Consumer debt is at a record high, a fact that will weigh on the market in 2024. Yet, it’s safe to say central banks will keep rewriting the rules to keep the economy at full steam.
While the United States Federal Reserve decided to hold interest rates at its November meeting, they remain at their highest level since well before the global financial crisis (GFC) of 2008-09. The Federal Funds rate stands at 5.25-5.5%, similar to the United Kingdom’s 5.25%, while in the European Union it is at a record high of 4%.
This is being driven by high inflation, which remains sticky throughout the developed Western world. It is so sticky that some, including Citadel’s Ken Griffin, are predicting it will hang around for a decade or more. As such, central banks are now musing on higher rates that may last longer.
This is a significant departure from what has become the norm over the past 15 years: ultra-low interest rates facilitated by never-ending cycles of borrowing at the government, corporate and individual levels. This constant flow of money led to a strong, uniform rally following the GFC, and kept equity markets on life support during the worst global health crisis in over 100 years.
Understandably, then, investors are nervous about what an end to this regime could look like, and they are right to be so. If history has taught us anything, it’s that capitalism is a boom-and-bust game. And right now, we are at the beginning of a fresh cycle.
While most of us look straight to 2008 to understand our current situation, it’s helpful to look back a bit further. Between 1993 and 1995, U.S. interest rates rose rapidly as a flash crash in 1989, high inflation, and tensions in the Middle East put pressure on the world’s largest economy. In response, the Federal Reserve raised rates from 3% in 1993 to 6% by 1995.
Far from hurting the U.S. or its Western trading partners, though, that rise witnessed the start of an incredible period of growth. Between 1995 and 1999, the S&P 500 more than tripled in value, while the NASDAQ composite index rose a staggering 800%.
This was a period of globalization, innovation, and optimism that led to the creation of what has become the backbone of not just the global economy, but the life of every human being on the planet: the Internet. This didn’t last, though, and by October 2002, the dot.com bubble had burst and the NASDAQ had given up all of its gains.
Today, we also find ourselves emerging from a brutal period of high inflation and high interest rates, against a backdrop of rising tensions in Europe and the Middle East. Similarly, though, the economy is doing remarkably well, despite everything it has faced since the Covid-19 pandemic.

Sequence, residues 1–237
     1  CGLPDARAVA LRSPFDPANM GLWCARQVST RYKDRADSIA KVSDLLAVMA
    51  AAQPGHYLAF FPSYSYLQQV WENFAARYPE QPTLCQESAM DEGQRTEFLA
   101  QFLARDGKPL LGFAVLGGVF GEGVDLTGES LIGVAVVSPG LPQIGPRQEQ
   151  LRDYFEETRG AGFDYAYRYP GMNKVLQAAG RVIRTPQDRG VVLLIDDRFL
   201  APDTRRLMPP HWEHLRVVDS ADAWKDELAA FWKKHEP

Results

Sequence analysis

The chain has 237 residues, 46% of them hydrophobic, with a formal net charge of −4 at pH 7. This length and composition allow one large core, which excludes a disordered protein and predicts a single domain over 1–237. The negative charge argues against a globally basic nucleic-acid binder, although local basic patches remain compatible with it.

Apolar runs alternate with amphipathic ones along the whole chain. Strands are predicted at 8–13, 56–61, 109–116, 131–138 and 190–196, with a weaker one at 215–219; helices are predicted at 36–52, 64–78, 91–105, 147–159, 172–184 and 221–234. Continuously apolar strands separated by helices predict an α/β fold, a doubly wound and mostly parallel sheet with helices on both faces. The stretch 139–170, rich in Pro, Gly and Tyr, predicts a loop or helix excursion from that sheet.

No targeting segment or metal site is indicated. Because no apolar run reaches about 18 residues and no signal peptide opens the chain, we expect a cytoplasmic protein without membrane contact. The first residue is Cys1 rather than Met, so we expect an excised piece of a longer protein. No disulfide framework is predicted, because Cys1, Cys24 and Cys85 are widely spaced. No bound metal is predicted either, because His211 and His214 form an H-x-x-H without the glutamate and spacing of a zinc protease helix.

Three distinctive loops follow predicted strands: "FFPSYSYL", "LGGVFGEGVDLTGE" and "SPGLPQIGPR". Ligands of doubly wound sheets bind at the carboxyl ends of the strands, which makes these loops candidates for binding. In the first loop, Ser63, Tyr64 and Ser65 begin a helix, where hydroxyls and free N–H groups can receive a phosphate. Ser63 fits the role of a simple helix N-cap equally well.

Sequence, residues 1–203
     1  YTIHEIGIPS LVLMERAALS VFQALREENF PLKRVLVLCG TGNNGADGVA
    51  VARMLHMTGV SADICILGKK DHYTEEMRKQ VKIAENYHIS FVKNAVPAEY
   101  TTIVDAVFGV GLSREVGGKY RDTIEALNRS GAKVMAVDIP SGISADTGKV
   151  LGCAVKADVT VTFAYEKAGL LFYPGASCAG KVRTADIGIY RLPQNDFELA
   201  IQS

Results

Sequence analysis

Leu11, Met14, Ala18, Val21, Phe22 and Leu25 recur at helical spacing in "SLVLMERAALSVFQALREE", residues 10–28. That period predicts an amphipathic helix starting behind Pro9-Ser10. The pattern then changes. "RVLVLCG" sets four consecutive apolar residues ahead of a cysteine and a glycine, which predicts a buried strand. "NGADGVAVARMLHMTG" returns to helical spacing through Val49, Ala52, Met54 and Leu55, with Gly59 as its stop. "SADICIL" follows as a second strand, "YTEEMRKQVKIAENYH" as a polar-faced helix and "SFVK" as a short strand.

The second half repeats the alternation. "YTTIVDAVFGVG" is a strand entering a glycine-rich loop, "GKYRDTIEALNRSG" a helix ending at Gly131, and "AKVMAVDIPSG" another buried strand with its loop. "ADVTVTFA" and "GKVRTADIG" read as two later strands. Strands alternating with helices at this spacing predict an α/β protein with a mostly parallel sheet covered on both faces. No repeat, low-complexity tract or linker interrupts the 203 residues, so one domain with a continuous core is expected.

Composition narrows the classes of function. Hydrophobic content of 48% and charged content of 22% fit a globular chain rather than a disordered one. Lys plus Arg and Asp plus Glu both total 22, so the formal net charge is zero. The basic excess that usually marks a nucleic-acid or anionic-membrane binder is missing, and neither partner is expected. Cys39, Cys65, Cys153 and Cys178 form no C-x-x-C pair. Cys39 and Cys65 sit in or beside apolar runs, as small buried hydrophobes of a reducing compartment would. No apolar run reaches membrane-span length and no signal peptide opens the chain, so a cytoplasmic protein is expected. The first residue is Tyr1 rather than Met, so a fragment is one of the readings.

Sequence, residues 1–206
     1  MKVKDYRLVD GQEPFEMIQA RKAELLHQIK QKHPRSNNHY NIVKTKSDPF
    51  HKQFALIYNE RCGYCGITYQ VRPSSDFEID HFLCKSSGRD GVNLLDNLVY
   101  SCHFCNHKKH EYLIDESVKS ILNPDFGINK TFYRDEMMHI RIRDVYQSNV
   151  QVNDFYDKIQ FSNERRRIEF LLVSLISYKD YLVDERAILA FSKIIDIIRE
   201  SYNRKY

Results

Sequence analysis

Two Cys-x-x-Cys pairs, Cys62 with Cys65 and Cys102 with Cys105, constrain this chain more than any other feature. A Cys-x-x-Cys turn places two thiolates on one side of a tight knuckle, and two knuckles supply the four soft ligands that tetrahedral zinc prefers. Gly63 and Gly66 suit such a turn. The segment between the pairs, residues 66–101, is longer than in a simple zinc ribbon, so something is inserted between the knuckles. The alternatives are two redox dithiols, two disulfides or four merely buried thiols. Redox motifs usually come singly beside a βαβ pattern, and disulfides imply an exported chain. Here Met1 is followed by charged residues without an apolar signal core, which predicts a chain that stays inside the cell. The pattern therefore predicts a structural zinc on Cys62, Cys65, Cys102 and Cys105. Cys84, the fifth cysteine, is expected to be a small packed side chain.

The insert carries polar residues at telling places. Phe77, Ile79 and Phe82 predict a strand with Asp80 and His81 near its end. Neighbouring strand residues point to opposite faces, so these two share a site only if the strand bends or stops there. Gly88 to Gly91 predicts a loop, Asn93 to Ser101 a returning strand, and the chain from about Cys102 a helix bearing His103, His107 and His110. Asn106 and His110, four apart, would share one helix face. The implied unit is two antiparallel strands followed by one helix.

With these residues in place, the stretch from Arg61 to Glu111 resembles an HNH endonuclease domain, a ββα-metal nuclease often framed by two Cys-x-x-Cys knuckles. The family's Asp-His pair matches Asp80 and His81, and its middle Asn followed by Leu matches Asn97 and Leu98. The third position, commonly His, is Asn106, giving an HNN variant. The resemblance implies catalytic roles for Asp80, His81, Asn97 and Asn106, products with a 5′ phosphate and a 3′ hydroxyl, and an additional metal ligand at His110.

We can also draw parallels between the dot-com boom and crypto. January will almost certainly spell one or more U.S. Bitcoin spot ETF approvals, which will drive huge waves of institutional money into this relatively new asset class. This could potentially spur a wave of IPO activity inside and outside the industry that, as it did in 1999, could eventually go bang.
While we can draw some comparisons with the 1990s, there is one overriding factor that puts us closer to the market cycle of 2001-07: debt. As we all know — thanks to Margot Robbie explaining it to us in a bubble bath — 2001-07 saw one of the most reckless periods of lending, and then trading on that lending, ever known. And the result was world changing.
Today, we see frightening hints of 2008 as U.S. household debt stands at a record high, and delinquency rates on credit card loans are rising at the fastest rate since 1991. Instead of tightening their belts, U.S. consumers chose so-called “revenge spending” after being locked in their houses for nearly two years, and it is taking a toll.
The reversal of this credit trend may not bring down the global banking system the way it did in 2008; but it is important for the health of the U.S. economy, which is currently being driven by the U.S. consumer. And the longer interest rates stay high, the more pressure is going to build as those debts pile up.
The consumer has borrowed more than they can afford
Default rate on credit card loans from small lenders has seen a sharp spike to 7.51%
This level is highest level EVER seen
Even higher than the Dot Com bubble and Financial Crisis
With credit card interest rates still over… pic.twitter.com/dSX9cXicYE
— Game of Trades (@GameofTrades_) November 11, 2023
And of course, to address the 10-ton elephant in the room, it’s not just the U.S. consumer racking up debt. Thanks to the pandemic, the U.S. government is now more than $30 trillion down. This is a previously unimaginable situation that has led to credit downgrades for the world’s largest economy that everybody has, so far, brushed off as no big deal.
We are not, though, at a 2008 “credit crunch” inflection point just yet. Despite activity in the bond market suggesting otherwise, the U.S. economy remains resilient — and the U.S. consumer particularly. Higher interest rates haven’t put people off buying property, and nobody seems interested in cutting back on spending as wages are still rising faster than inflation.
We also see some optimism in markets, especially the cryptocurrency market, which has already kicked off its next bull cycle as investors exorcize the ghosts of Terraform Labs, Three Arrows Capital, Celsius and FTX by piling into altcoins.
The odds, then, favor an extremely strong bull market over the next year or two until the steam runs out, as it always does. Eventually, the U.S. consumers’ enormous debt pile is going to topple, especially if interest rates remain higher for longer.
The most important players in this cycle will be the U.S. Treasury and Federal Reserve. As we saw in March 2023, they are willing to rewrite the rules to ensure the survival of the banking system. As things wobble, goalposts will likely be moved. What goes up must come down, though. Of that, we can be sure.